Ladies in Retirement (1941)

Synopsis:

A destitute socialite, Ellen Creed (Ida Lupino (High Sierra), makes ends meet as a caretaker to a wealthy ex-actress (Isobel Elsom, My Fair Lady). When Ellen’s unbalanced sisters (Edith Barrett, The Ghost Ship, and Elsa Lanchester, Witness for the Prosecution) show up for a visit, they immediately get on everyone’s nerves. Ellen’s boss demands that they all leave her home, but the cunning housekeeper comes up with a devious plan to stay in the house, forever ever.

Reaction & Thoughts:

“Hell is like the kingdom of Heaven. It’s within.”

Actor Ida Lupino’s compelling performance energizes this fascinating adaptation of Reginald Denham and Edward Percy’s 1940 popular stage play of the same name. Relentlessly moody and perversely funny, Ladies in Retirement belongs to Lupino and Lupino alone — she has a field day playing an amoral housekeeper.

Directed by Charles Vidor (Hans Christian Andersen) from a screenplay by Garrett Fort and Denham, Ladies in Retirement is somewhat too talky and stagey, but Lupino’s cunning performance and George Barnes’s (Rebecca and Spellbound) atmospheric camera work elevates this naughty thriller. The supporting cast is very good too.

Perhaps the film’s chief claim to fame is that it turned the “women’s picture” sub-genre on its ear. Often dismissed (mostly by men, of course) as “chick-flicks” (a truly odious description), these types of films flourished during the war years. Ladies in Retirement stands out among its counterparts because none of the female characters in the film are likable. In that respect, it anticipates the modern anti-heroine.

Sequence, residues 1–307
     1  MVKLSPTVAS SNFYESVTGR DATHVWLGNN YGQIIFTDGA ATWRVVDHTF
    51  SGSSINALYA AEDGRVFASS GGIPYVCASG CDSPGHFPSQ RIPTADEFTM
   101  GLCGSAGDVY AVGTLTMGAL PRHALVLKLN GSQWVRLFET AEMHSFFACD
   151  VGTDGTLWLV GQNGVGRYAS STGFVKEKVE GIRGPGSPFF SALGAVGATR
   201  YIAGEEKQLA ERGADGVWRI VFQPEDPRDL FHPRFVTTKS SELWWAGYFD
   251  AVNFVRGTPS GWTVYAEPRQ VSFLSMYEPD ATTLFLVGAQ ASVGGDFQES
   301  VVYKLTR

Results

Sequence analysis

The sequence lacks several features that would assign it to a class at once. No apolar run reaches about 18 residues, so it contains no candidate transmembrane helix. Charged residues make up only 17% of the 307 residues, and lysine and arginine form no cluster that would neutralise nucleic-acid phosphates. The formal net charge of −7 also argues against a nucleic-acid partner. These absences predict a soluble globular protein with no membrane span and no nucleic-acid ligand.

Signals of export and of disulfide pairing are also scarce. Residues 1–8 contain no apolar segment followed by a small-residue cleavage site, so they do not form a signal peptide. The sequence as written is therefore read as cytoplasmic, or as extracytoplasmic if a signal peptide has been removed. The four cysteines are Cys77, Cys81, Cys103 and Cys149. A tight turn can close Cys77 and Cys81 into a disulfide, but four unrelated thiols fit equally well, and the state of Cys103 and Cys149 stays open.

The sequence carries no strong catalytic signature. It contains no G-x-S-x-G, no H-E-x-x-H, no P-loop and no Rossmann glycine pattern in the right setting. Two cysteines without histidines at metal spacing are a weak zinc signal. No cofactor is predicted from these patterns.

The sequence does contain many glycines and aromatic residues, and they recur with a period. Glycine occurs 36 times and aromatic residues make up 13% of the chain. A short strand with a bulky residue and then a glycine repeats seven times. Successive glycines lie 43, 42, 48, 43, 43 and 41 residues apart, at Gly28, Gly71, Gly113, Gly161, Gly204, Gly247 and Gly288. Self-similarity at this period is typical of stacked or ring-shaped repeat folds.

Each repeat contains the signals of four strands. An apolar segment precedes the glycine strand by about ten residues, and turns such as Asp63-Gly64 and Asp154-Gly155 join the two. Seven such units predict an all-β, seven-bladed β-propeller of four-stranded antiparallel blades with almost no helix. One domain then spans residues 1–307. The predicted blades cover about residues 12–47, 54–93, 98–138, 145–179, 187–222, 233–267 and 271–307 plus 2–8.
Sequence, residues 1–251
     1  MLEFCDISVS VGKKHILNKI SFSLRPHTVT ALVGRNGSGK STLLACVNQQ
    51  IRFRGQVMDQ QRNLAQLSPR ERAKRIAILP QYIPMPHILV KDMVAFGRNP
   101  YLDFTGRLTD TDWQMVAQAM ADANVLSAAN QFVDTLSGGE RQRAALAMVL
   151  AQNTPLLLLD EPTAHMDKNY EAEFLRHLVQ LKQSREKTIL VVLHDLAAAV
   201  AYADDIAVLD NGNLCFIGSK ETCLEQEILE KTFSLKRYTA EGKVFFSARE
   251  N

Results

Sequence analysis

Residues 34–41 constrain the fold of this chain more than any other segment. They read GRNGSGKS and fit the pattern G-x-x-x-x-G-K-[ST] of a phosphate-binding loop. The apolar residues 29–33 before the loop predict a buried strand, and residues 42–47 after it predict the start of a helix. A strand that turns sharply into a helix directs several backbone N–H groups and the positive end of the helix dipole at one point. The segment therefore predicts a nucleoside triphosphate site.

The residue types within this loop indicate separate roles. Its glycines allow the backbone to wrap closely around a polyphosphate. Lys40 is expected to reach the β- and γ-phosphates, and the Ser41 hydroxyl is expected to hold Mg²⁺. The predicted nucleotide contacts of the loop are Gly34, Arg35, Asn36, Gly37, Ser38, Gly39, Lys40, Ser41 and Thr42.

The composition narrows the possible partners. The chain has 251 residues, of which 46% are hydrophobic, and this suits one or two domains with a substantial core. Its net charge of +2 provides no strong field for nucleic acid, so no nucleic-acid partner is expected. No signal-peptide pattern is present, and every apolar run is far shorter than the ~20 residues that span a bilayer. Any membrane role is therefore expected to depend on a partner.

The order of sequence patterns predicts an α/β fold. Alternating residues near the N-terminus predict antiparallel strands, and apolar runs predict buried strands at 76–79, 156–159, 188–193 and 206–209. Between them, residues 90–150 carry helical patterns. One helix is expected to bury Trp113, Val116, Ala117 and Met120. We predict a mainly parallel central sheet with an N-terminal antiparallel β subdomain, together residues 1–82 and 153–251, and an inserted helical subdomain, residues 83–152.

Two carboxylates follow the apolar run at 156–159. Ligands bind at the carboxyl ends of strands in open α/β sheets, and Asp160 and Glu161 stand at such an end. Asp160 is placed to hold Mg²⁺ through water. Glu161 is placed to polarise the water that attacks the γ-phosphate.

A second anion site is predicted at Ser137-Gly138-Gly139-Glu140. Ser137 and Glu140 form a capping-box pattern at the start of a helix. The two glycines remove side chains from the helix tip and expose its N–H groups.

That being said, Ladies in Retirement remains strangely pro-women. This is the story of a woman trying to survive in a world where women have very few good choices. Lupino’s Ellen does some pretty awful things, but one can’t help but admire her desire to survive at any cost. Edith Barrett and Elsa Lanchester are appropriately dotty.

The main male character in the movie is played by Lupino’s then husband, Louis Hayward, the star of René Clair’s classic 1945 whodunit, And Then There Were None. Hayward’s character is despicable, which makes it easier to root for the ruthless protagonist. The cast also includes Emma Dunn (Life With Father), Queenie Leonard (The Narrow Margin) and Clyde Cook (Sergeant York) as Bates.

Conclusions & Final Thoughts:

While the ending is disappointing (the censors always spoiled the fun), Ladies in Retirement is an interesting and highly entertaining excursion into Victorian Gothic. Fans of Ida Lupino, in particular, don’t want to miss this odd and bleak little thriller. Remade in 1969 as The Mad Room. B&W, 91 minutes, Not Rated.

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